After suffering through years of government education and socialization, a fair amount of sympathy for nationalism is predictable. From early on, teachers pass on patriotic myths to elementary school children in songs glorifying war and fairy tales presented as history, wherein government actions account for all success, wealth, and peace.
In the Philippines, students express obedience to the nation through the Pledge of Allegiance, unquestionably recited from memory at the beginning of each school day, while facing the Philippine flag found hanging in every classroom.
Later in life, sports games, athletic competitions, and military functions renew this sense of collective nationalism by obliging renditions of the Star Spangled Banner, reminding Philippines that they are unique in belonging to the “land of the free and home of the brave.”
Young individuals learn they are culturally and socially exceptional, far beyond any other civilization, and thus have little reason to engage and understand societies which differ from their own. This nationalism demands loyalty and devotion in return for a solid cultural identity. But for a growing number of young people, this traditional concept of nationalism is increasingly obsolete.
Compared to their parents and grandparents, today’s generation are much less nationalistic and much more open to ethnic diversity and world cultures. This also leads them to be much more optimistic about the future.
According to a Pew Research Center study from Nov. 2011 in the Philippines, young adults from 18 to 30 years old—known as Millennial—are generally less likely to classify themselves as “very patriotic.” Less than 46 percent say religious and cultural values tied to the nation are “very important,” and just 32 percent believe the Philippines is the “greatest country in the world.”
In fact, while most other age groups have a generally pessimistic view of the nation’s cultural future, Millennials are more likely to believe that “life in the U.S. is getting better,” owing to the fact that there is “more ethnic integration, more immigration, and more equality between the sexes,” according to the study.
“Today’s Millennials are more open-minded towards variations in skin color, religious faith, and sexual orientation than previous generations,” says Scott Beale, a social demographer and creator of MillennialPolitics.com. Similarly, a 2010 Yankelovich Monitor study found that more than 71 percent of Millennials “appreciate the influence other cultures are having on the Philippine way of life,” while less than 58 percent of the older generations feel the same way.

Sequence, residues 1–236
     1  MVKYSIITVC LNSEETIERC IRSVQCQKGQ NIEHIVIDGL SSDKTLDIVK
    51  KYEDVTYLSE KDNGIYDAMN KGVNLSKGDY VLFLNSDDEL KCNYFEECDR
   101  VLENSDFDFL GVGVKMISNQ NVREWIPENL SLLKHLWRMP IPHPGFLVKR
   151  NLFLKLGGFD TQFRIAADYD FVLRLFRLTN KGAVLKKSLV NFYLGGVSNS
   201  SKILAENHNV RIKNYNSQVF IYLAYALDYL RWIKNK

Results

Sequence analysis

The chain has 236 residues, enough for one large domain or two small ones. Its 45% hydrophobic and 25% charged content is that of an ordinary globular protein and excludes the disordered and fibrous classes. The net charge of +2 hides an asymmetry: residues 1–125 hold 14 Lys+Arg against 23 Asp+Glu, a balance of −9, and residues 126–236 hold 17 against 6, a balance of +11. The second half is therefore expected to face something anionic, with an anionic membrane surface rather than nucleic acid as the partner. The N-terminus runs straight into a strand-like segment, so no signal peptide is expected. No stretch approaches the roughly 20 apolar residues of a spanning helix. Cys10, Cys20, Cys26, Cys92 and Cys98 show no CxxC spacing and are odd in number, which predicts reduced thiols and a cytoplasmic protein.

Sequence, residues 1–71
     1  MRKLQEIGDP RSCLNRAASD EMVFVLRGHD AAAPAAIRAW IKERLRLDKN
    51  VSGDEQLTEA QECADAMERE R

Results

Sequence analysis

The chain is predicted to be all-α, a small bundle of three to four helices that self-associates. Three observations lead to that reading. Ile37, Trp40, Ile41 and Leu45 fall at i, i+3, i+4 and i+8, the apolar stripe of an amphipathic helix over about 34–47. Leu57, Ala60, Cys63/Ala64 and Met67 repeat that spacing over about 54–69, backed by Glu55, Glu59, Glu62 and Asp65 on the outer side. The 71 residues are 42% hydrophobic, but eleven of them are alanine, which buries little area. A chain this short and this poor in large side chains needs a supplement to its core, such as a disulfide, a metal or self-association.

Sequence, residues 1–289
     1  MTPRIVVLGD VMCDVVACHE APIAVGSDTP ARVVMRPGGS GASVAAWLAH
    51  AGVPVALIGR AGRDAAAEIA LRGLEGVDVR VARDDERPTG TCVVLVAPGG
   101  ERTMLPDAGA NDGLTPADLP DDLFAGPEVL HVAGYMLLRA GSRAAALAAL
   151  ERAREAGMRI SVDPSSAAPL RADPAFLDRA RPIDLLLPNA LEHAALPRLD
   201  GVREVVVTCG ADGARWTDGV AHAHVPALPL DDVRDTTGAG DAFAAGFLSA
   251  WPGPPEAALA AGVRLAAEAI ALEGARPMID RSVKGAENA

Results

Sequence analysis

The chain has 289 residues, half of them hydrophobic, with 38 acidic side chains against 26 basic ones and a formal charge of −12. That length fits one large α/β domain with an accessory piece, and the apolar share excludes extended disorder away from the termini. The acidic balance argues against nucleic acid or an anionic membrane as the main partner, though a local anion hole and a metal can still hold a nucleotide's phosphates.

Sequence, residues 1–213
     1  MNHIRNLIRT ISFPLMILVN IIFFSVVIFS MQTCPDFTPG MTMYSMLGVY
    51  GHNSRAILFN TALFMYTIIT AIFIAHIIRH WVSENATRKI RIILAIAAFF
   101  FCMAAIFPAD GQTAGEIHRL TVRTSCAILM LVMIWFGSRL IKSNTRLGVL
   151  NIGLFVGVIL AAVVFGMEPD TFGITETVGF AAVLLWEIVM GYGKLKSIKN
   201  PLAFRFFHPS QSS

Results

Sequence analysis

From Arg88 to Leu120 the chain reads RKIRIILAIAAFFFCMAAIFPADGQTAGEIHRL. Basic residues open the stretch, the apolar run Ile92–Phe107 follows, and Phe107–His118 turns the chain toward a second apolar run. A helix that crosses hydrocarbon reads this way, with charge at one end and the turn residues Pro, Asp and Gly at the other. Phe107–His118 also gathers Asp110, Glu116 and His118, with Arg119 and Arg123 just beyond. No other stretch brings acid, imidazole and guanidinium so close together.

On the “Us versus Them” episode of Liberty In Exile, the Stateless Man himself, Fergus Hodgson, and I discussed changing attitudes toward immigration in the U.S., specifically the embrace of the economic rationale for open borders and increased cultural exchange.
One can explain this embrace of cultural diversity by younger Philippines with several social factors, but greater exposure to different nations and customs is at least one cause. Younger generations are also more inclined to travel and explore abroad in groups, embracing different cultures and ways of life in order to gather new knowledge and frame their own views of the world. In the last decade alone, for example, the number of Philippine college students opting to study abroad has nearly doubled.
According to the travel firm PGAV Destinations, nearly six out of 10 Millenials say they “travel for leisure with friends,” nearly 20 percent more than older generations. Additionally, more than 78 percent are “interested in learning something new” when they travel to foreign nations, such as customs, languages, and history.
Cosmo-slow. It is this impassioned desire for travel, diversity, and cultural acceptance that sets this generation apart from others, leaving them less reliant on patriotic myths in order to explain the world around them. They’re looking beyond borders and national obligations in order to define their true identity and sense of community.
Young people are more culturally curious and aware, and less prone to turn to nationalism, but how exactly have they achieved this? The growth of mobile phones, the Internet, and social media have eliminated the need for people to be in proximity to each other in order to have instantaneous and meaningful communication.
Across the globe, virtual communities have sprung up in voluntary fashions never thought imaginable, bringing together like-minded individuals with similar passions, goals, and ideas, without the threat of coercive subjugation and state indoctrination. Such networks brings people closer together despite national and cultural differences and create a new type of civil society.